Wednesday, December 01, 2004

Spammers attack anti-spam website

It seems that Lycos is attempting to attack spammers, according to this article, by providing a grid computing-based DDoS "screen saver" similar to the SETI at home and protein folding services.

But in an ironic twist, the Lycos website was attacked by spammers and brought down in a possible DDoS attack. This all brought a thought to mind: Are people with malicious intent always more resourceful and determined than those that do good? Or is it simply that there is more of them?

A work colleague suggested that due to the complexity of interconnected computer systems, it is always easier to attack than defend. If you consider that any piece of software of note that was ever released has been hacked, this theory seems to be on the ball.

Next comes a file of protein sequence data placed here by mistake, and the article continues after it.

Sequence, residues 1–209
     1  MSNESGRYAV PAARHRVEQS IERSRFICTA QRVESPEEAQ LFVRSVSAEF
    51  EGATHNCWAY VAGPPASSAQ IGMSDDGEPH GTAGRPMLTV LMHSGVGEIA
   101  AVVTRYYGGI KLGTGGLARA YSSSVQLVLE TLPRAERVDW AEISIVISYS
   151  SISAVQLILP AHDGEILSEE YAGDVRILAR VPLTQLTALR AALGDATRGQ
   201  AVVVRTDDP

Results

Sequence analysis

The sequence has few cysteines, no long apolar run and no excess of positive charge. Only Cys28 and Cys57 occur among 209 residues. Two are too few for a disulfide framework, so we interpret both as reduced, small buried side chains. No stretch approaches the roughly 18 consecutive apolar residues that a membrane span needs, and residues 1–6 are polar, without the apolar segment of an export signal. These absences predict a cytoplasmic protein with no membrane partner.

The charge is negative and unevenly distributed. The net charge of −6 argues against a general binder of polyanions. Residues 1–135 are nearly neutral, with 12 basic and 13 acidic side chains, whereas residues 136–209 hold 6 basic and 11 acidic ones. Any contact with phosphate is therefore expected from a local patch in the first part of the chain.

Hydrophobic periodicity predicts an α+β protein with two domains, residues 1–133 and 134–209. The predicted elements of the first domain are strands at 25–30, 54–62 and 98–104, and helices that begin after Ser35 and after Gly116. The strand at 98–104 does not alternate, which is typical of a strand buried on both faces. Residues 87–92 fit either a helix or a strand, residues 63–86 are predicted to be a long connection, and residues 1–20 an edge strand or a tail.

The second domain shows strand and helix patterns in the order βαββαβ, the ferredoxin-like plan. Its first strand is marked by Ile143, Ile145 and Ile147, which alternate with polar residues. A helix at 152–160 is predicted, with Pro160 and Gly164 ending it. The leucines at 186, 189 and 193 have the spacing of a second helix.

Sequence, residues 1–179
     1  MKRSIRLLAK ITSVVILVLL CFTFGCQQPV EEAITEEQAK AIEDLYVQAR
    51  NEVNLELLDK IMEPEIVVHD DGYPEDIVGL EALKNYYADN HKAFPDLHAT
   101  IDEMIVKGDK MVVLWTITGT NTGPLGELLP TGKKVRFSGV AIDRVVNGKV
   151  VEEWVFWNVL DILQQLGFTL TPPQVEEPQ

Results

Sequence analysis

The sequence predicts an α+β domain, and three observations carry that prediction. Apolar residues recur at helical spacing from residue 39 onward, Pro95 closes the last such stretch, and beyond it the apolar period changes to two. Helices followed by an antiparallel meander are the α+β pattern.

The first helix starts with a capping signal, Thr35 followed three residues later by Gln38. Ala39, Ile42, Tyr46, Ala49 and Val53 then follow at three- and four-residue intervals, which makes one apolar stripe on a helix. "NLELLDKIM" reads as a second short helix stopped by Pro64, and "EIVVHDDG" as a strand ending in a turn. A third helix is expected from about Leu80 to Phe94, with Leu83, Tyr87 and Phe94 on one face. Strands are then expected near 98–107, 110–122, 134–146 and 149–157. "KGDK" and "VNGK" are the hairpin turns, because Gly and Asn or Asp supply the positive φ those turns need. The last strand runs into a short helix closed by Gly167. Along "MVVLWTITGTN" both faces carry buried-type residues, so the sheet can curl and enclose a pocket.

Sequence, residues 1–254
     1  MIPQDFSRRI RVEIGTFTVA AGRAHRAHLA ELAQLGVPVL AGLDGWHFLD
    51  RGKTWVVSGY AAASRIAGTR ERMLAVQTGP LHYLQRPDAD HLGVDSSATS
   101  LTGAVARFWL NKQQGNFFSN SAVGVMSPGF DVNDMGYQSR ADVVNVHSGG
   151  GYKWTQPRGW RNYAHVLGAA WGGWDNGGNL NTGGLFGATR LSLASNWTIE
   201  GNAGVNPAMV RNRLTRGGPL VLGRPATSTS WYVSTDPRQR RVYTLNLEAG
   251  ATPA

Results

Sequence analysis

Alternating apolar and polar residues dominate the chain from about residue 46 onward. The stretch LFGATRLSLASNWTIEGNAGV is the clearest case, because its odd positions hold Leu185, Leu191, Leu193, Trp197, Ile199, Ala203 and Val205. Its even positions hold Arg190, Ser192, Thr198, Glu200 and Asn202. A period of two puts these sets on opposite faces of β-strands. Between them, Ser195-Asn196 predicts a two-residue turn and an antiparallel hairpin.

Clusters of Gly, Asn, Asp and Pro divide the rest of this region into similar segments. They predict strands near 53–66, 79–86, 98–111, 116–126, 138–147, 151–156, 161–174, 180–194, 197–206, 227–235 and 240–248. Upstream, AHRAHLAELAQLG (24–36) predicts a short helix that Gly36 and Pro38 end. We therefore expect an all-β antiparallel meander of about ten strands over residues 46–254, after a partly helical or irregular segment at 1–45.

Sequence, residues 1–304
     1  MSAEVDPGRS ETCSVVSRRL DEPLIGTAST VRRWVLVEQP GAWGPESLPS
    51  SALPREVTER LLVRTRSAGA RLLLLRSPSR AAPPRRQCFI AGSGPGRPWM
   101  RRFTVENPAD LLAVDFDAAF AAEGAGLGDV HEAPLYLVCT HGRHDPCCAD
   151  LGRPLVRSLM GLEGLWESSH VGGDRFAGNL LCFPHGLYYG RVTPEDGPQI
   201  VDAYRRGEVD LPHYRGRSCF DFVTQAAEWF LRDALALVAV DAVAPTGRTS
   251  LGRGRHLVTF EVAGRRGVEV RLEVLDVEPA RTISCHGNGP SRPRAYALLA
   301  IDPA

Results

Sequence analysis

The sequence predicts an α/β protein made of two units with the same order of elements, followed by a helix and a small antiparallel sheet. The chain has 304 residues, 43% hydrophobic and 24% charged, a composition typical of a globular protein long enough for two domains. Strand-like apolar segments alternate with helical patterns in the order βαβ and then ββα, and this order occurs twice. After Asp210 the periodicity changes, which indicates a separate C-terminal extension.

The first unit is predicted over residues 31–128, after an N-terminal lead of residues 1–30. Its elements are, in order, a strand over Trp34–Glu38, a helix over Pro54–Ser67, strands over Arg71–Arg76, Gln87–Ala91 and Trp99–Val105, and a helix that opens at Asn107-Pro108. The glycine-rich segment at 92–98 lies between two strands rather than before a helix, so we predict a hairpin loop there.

Software companies spend countless money trying to make their systems or software "un-hackable" and yet this has not yet proved to be so. This includes systems that should be the epitome of the term "secure", such as the FBI's computer systems.

Another contributing factor is that hackers generally have large egos. Its far easier to be recognised and revered in the community if you've hacked into some secure system or cracked some software. No one has won any awards or accolades for writing the best security system in the world, yet, because no such thing exists. Naturally if you are handy with your hacking skills, you are likely to lean towards the dark side.

In my humble opinion, there is no end in sight in the fight against hackers. But have some software companies gone too far? Consider Valve and their "Steam" online authorisation software...

More on that later.

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